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In addition to odors, dog noses found to detect thermal radiation

Dog snouts have long put humans’ to shame, but now they’re really rubbing our noses in it. As if their amazingly sensitive sense of smell, which already 10,000 times more sensitive than ours, wasn’t enough, researchers have found that dogs can also detect the thermal radiation from an object a few feet away. So not only can a dog detect the slightest whiff of a nearby animal on the wind, but they can also use their nose like an infrared camera to help locate nearby prey.

Registering thermal radiation

Obviously, your nose can detect heat as well, although in a significantly different manner than what was being observed in this work by researchers from the Lund University and Eötvös Loránd University. When your nose feels warm, it’s detecting direct contact with a more energetic fluid, such as warm air molecules banging into your skin. This kind of convection-based heat detection has a fairly limited range though, and is really only suited for being aware of your environment’s ambient temperature (unless you have a habit of poking things like your toaster directly with your nose, in which case you’ll be making use of conduction too). In either case, it certainly wouldn’t be of much use to a predator that might need detect prey before it’s already in contact with it.

Dogs’ so-called thermoreception instead relies on detecting thermal radiation in the form of photons emitted from the warm object. Those photons are intercepted and detected on the tip of the dogs’ nose, allowing the dog to sense heat from an otherwise obscured object. This would allow dogs to detect warm-bodied animals hidden in grass, or snow, or anywhere else the prey would emit more heat than it’s environment.

Deciphering dogs’ heat detection

Most dog owners probably haven’t noticed their dogs behavior being shaped by this ability, since it’s rarely going to eclipse other senses like vision and smell. To even confirm such functionality, researchers had to first train dogs to seek out warmer objects for a reward. The dogs were then prompted to choose between two objects that were identical in every way except their temperature. From a few feet away, the dogs could all pick out the warmer option, indicating that their brains could make use of this thermal information as expected.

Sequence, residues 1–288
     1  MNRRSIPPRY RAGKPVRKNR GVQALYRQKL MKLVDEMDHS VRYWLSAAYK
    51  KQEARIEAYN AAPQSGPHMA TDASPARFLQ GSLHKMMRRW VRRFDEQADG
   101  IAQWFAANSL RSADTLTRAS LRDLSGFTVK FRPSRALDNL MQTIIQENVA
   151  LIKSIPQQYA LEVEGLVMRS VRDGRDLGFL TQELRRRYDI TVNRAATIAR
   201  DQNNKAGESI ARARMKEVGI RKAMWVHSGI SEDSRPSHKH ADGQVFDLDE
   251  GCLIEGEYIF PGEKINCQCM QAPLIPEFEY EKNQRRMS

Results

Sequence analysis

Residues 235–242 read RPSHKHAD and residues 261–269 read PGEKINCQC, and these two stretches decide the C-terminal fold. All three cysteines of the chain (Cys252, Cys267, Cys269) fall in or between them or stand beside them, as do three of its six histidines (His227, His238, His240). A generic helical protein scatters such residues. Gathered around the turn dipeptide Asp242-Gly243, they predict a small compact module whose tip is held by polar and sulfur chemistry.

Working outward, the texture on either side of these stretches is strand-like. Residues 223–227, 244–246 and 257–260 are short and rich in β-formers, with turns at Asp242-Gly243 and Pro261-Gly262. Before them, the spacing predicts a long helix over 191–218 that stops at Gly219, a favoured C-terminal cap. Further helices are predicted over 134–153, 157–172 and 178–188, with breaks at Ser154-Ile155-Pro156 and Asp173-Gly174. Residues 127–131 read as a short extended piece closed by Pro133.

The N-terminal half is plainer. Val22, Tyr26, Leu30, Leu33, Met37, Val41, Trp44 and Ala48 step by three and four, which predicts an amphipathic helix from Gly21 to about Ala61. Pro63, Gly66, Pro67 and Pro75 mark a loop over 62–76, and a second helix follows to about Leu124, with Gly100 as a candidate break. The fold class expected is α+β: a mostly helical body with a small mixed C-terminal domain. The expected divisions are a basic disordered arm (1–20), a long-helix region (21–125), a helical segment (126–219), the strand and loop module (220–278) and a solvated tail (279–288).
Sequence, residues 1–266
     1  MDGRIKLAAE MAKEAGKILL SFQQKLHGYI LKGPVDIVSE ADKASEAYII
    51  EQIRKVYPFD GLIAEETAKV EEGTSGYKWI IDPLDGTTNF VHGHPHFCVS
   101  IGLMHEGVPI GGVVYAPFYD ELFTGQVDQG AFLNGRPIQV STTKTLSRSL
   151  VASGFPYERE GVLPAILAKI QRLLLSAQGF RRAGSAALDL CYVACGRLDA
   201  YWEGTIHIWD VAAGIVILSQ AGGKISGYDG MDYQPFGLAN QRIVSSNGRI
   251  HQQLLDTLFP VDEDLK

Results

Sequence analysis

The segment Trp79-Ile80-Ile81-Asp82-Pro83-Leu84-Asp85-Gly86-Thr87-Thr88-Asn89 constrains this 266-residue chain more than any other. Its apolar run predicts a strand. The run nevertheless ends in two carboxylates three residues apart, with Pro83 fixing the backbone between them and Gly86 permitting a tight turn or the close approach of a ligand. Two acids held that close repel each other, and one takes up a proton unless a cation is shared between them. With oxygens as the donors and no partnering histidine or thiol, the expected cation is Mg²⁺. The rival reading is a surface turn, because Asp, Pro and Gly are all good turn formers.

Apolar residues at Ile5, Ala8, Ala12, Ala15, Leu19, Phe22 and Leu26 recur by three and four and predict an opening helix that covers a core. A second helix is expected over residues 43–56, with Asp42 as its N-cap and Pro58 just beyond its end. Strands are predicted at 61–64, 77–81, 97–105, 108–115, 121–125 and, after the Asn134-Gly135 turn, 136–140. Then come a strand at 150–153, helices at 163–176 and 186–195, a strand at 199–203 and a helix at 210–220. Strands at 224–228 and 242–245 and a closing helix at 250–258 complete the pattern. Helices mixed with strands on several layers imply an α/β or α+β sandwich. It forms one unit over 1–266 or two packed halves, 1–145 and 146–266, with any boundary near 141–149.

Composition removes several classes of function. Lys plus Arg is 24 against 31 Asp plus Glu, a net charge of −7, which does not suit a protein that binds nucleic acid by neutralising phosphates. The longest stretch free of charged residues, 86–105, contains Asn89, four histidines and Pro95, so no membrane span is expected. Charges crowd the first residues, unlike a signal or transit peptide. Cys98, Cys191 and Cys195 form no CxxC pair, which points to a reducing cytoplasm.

A wider batch of dogs then had their brains scanned in an fMRI machine so that researchers could try to understand how the dogs made sense of their heat-seeking sensitivity. When presented with a warmer object, the dogs’ brains showed extra activity in their left somatosensory cortex, which is known to deliver information from the nose. This research didn’t identify the exact mechanism in the dogs’ nose that is triggered by thermal radiation, but it’s suspected to follow similar patterns to other thermoreceptive animals.

Not just dog noses?

This isn’t to say that dogs inherited their ability to sniff heat directly from those other animals, as only a handful are presently known and none of them are close relatives to a dog. Some vipers have specialized pits in their faces that allow them to hunt small mammals in dark burrows. Vampire bats are the only other mammal known to sense heat in this way, and use it to help find warm blood flowing under the skin of their prey. However, the fact that dogs have this ability strongly suggests that other mammals may be able to sense thermal radiation, starting with wolves. As dogs direct ancestors, wolves very likely use their noses to help locate warm prey.

Source: Your Dog's Ice-Cold Nose May Be a Sensor for Detecting Heat at Distance by George Dvorsky, Gizmodo

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